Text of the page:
There is a growing awareness that limited health-care coverage and lack of access are only part of the reason why health disparities exist. Many of the strongest predictors of health are social, economic, and environmental factors. Reducing disparities requires national leadership to engage a diverse array of stakeholders; facilitate coordination and alignment among federal departments, agencies, offices, and nonfederal partners; champion the implementation of effective policies and programs; and ensure accountability (

      Centers for Disease Control and Prevention. (2013). CDC Health Disparities and Inequalities Report-United States. MMWR Morbidity and Weekly Report, (62), Suppl 3, 1–189.

      ). Therefore, NCEMNA collaborates on innovative engagement activities that take advantage of the expertise, proven track record and experience of the NCEMNA member associations. The member associations address disparities through advocacy, strategic multicultural approaches, community and provider engagement and technological advancement.
      NCEMNA's established goals remain especially relevant for today's health equity challenges and include: (a) the development of a cadre of ethnic nurses reflecting the nation's diversity; (b) advocacy for culturally competent, accessible and affordable health care, (c) promotion of the professional and educational advancement of ethnic nurses, (d) education of consumers, health care professionals and policy makers on health issues of ethnic minority populations, (e) development of ethnic minority nurse leaders in areas of health policy, practice, education and research, and (f) endorsement of best practice models of nursing practice, education, and research for minority populations.

      The Future of Nursing: Campaign for Action

      Description of Organization and Accomplishments

      In 2010, AARP Foundation and AARP, the nation's largest nonprofit, nonpartisan organization dedicated to helping people 50-plus seek and create wellness in all aspects of life, joined the Robert Wood Johnson Foundation (RWJF), the nation's largest philanthropy devoted to building a Culture of Health, to launch the Future of Nursing: Campaign for Action. The Campaign is a national initiative to ensure everyone in America can live a healthier life, supported by nurses as essential partners in providing care and promoting health equity and well-being. Guided by recommendations from a 2011 Institute of Medicine report, The Future of Nursing: Leading Change, Advancing Health, the Campaign built a network of national and state coalitions comprised of leaders from nursing, health, business, education, and other sectors to strengthen the nursing profession (Campaign for Nursing, n.d.-aEditor: Note that this citation is not highlighted.). The Campaign has coalitions in nearly every state and the District of Columbia and is coordinated by the Center to Champion Nursing in America, also an initiative of AARP Foundation, AARP, and RWJF. The Campaign is led by director Susan B. Hassmiller, PhD, RN, FAAN, at RWJF, and chief strategist, Susan C. Reinhard, PhD, RN, FAAN. The Campaign for Action has achieved many milestones including: (a) creation of a broad network of national and state coalitions that include more than 1,000 businesses, health organizations, hospital systems, insurers, private companies, and non-profit organizations; (b) modernization of state laws and regulations so nurses can practice to the top of their training and education, improving care for 84 million people in 24 states (up from 11) (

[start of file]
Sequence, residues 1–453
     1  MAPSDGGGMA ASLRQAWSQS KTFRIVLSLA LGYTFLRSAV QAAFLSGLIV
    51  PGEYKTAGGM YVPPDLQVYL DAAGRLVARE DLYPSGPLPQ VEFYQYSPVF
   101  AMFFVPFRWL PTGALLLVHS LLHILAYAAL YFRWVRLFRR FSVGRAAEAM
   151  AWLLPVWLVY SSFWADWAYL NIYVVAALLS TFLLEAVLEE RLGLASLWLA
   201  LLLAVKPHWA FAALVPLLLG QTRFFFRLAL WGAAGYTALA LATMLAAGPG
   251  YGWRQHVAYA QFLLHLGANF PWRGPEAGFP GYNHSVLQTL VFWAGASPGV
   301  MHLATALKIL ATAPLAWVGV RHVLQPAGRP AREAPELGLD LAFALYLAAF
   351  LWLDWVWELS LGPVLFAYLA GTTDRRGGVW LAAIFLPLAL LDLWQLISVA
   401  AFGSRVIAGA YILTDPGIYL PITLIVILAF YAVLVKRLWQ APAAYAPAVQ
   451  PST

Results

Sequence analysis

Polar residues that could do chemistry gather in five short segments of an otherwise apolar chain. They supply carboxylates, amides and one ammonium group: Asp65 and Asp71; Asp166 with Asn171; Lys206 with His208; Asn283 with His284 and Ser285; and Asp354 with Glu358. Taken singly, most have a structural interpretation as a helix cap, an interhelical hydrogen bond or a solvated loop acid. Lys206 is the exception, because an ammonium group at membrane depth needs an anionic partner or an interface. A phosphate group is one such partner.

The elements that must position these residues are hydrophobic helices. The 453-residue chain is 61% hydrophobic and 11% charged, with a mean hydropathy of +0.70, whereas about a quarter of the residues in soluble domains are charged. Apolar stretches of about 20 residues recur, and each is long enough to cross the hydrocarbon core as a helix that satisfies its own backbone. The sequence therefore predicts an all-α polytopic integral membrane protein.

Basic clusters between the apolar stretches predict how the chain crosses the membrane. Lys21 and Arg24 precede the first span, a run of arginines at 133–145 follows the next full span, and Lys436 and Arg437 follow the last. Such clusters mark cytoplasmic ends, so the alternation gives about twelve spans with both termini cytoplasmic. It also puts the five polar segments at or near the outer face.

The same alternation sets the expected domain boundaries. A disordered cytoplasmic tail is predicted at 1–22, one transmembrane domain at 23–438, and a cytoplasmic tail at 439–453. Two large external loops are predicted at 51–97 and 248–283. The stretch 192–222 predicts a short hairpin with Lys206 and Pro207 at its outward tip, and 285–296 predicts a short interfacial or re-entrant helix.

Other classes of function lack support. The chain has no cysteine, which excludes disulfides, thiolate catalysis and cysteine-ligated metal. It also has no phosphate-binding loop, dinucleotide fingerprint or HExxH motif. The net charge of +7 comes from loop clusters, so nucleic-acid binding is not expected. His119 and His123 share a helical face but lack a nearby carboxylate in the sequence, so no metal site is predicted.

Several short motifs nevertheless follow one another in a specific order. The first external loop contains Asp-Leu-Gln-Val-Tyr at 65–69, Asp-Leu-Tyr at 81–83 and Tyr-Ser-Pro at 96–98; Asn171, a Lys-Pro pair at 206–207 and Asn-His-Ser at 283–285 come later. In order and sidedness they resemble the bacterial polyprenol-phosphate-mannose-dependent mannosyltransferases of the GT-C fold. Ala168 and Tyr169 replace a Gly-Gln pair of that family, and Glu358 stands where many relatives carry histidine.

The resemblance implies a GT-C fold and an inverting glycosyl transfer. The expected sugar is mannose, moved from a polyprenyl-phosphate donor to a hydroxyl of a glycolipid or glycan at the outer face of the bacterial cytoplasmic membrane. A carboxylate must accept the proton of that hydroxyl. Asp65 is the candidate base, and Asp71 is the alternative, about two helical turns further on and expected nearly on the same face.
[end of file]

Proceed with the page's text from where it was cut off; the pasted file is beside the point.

Campaign for Action. (n.d.). Our Timeline. Retrieved September 21, (2021)., Retrieved September 21, 2021, from https://campaignforaction.org/about/our-story/our-timeline/.

      , August 5); (c) placement of more than 10,000 nurses on boards or decision-making bodies (

      Nurses on Boards Coalition. (2021,. January 20). Status update text [Facebook update]. Retrieved September 21, 2021, from https://www.facebook.com/NursesonBoards/photos/a.520200758368454/1564930713895448.